The LG smart TV landing screen Photo: Jason Huntley
British IT consultant Jason Huntley, 45, from Hull, wrote in a blog post this week that he had discovered his LG smart TV was sending the names of files on plugged-in USB devices back to an LG web server. The names of channels he watched were also being collected by the company without his knowledge.
LG TV's system settings listing a "collection of watching info" option which is switched "on" by default. Photo: Jason Huntley
Mr Huntley discovered his TV was accessing this information after it began displaying advertising on its home screen. He then noticed a "creepy LG corporate video" describing a LG Smart Ad feature.
This analyses a user's favourite programs, online behaviour, search keywords and other information in order to offer relevant advertising, the ad claimed.
"LG Smart Ad can feature sharp suits to men, or alluring cosmetics and fragrances to women. Furthermore, LG Smart Ad offers useful and various advertising performance reports - that live broadcasting ads cannot - to accurately identify actual advertising effectiveness," it said.
In the process of investigating the matter, Mr Huntley said he found an option in his TV's settings called "collection of watching info" which is switched "on" by default.
(A hacker in your living room: researchers have shown how internet-connected TVs can be remotely manipulated.)
However, following traffic analysis on his home network, Mr Huntley said viewing information appeared to be sent to LG regardless of whether the option was set to "on" or "off".
Speaking with Fairfax Media via email on Thursday, Mr Huntley said he had received similar reports from multiple users after posting about it on his blog.
However, some users in Germany, for example, could not find evidence of the back-to-base traffic.
He said he couldn't say what the situation was in Australia.
But Phillip Anderson, head of public relations at LG Australia, told Fairfax in a statement on Wednesday: "LG Australia acknowledges the issues that have been identified in the UK. We take the claims very seriously and are currently investigating the situation at a local level."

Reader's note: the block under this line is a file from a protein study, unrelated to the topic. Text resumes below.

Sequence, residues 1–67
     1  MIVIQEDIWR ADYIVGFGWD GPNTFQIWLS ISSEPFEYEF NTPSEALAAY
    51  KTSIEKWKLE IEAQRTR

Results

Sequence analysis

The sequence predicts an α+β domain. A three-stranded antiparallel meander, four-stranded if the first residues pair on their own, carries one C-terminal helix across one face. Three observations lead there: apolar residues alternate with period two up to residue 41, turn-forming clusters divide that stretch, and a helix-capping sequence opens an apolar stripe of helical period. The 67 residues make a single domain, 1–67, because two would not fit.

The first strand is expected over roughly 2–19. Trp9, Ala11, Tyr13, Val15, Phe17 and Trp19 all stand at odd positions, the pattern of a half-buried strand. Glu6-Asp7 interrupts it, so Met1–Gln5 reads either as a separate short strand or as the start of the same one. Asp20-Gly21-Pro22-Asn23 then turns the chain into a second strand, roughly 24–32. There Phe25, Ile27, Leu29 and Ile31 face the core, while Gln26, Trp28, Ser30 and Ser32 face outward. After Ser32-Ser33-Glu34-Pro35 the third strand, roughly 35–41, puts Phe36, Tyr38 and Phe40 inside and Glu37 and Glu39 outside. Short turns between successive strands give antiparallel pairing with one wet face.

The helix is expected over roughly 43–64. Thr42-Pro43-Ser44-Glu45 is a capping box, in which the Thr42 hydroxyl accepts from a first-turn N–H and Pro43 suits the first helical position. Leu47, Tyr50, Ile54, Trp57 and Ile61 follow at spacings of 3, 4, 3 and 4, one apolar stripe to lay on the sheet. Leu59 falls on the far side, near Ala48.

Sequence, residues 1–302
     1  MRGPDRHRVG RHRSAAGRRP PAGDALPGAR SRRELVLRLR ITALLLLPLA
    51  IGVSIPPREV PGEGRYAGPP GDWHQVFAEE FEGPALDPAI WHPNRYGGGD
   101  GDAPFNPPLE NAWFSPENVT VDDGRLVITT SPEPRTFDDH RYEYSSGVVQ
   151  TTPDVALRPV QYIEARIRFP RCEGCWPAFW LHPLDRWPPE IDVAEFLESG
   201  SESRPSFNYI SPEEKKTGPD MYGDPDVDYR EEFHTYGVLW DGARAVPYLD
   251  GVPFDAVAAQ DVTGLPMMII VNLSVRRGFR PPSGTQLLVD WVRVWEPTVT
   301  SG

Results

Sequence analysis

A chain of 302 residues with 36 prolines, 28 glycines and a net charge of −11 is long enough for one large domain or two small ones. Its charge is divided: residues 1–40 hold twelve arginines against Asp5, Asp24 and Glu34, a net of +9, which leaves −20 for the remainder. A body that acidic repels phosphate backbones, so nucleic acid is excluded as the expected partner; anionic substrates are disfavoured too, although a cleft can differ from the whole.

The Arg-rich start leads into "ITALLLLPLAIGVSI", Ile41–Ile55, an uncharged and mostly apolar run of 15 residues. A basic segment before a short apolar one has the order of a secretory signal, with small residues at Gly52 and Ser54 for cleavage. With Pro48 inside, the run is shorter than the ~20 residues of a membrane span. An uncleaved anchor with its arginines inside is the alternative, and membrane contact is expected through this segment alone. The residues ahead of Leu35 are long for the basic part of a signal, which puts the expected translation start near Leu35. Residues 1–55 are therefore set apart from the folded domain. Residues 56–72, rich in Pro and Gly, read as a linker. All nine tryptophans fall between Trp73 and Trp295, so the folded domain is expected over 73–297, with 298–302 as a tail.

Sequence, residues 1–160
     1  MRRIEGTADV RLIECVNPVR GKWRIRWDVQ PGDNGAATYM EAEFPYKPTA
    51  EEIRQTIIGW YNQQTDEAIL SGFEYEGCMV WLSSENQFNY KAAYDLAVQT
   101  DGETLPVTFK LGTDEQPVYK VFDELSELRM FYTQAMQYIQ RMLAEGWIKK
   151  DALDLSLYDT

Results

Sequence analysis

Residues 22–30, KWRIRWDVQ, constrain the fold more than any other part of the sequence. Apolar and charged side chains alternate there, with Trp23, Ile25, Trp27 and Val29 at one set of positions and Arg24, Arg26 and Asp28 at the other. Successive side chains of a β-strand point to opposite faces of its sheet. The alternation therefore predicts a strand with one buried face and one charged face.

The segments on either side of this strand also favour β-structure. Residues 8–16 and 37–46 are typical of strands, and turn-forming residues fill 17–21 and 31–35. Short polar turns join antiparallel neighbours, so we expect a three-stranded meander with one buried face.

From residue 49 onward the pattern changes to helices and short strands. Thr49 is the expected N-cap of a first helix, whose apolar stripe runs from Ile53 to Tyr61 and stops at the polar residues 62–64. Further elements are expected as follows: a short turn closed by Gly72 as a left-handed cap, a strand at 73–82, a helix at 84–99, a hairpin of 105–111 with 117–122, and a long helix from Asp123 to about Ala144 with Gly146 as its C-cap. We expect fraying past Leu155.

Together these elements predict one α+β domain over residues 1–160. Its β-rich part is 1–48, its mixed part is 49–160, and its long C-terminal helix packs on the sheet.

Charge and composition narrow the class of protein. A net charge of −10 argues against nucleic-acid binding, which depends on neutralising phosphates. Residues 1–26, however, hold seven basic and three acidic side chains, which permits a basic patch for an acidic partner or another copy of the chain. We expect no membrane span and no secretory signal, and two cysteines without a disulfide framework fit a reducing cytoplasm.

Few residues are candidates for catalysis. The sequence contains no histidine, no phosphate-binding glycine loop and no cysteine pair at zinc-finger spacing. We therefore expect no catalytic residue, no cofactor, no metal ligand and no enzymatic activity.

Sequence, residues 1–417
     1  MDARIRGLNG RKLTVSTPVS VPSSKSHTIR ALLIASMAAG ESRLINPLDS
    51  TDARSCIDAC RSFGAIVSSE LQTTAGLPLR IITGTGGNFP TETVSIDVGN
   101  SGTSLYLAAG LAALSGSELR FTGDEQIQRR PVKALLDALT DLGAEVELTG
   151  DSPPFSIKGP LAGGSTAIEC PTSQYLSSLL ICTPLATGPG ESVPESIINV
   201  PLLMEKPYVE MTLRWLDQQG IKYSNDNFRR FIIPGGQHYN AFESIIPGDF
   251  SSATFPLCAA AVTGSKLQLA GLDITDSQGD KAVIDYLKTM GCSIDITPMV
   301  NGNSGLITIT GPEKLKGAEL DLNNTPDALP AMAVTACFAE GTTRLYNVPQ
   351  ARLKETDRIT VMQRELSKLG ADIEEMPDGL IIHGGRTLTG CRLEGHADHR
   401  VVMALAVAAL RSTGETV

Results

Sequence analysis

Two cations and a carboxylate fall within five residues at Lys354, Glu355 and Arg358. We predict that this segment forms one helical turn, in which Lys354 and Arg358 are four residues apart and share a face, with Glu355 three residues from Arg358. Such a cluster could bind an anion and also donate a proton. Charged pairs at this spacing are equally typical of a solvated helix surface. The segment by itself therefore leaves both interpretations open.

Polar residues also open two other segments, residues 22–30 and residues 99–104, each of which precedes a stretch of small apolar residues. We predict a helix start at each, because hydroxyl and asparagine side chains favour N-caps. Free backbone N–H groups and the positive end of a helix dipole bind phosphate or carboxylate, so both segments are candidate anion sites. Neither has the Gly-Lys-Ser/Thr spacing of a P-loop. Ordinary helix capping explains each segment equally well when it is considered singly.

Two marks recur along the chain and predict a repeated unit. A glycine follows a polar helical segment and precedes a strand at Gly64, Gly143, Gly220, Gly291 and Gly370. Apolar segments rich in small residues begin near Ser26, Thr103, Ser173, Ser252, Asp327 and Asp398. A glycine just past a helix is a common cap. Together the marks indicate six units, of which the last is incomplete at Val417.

Before publishing his blog, Mr Huntley said he spoke to LG's UK office several times in an email conversation regarding the matter and drew their attention to the UK Data Protection Act.
The BBC has reported that the UK Information Commissioner's Office is looking into the matter.
"They said they had escalated it to their UK head office but then replied saying that I had agreed to the terms. I think this was a missed opportunity for them to resolve it before it became widely known and it's a shame they didn't react in a more meaningful way," Mr Huntley said.
"I would have been perfectly happy if they committed to providing the means to properly opt-out of this. (However I would probably not have discovered the file name leak had that been the case.)"
Mr Huntley said he didn't see that consumer electronics companies had the right to sell people's viewing preferences for additional profit.
"Advertising is ever present but I was angered that I after paying over £500 for a TV and additionally for a broadband connection that LG thought that they could commandeer these to deliver advertising. What service am I getting in return?" he said.
"Unfortunately there are many companies working on achieving these ends and, although this may be a setback for LG's Smart Ad division - I'm worried that other companies may choose to focus on hiding their marketing efforts rather than delivering products that users actually want."
As a result, Mr Huntley promised to continue researching and analysing any technology products that he owned and said he would continue to promote public discussion on their features.
The IT consultant's research follows recent reports which suggested that smart TVs are dumb when it comes to privacy and security.
Security researchers Aaron Grattafiori and Josh Yavor recently demonstrated how they could remotely abuse Samsung's 2012 line of smart TVs to take complete control of the machine.
Using flaws the pair had discovered in the TV's web browser – which Samsung has since patched – the security engineers at US-based iSec Partners gained a foothold on the machine by pointing its browser to a web page that was loaded with attack code.
Mr Huntley said smart TVs were not very secure.
"Consumer tech is a very competitive market and there is intense pressure to deliver products in shorter and shorter time scales," he said. "This works against the need for robust security, so it's not surprising that exploits exist and are discovered frequently. As with computer software, it's important to be able to react quickly and fix problems before they are exploited in the wild."
theage.com.au 22 Nov 2013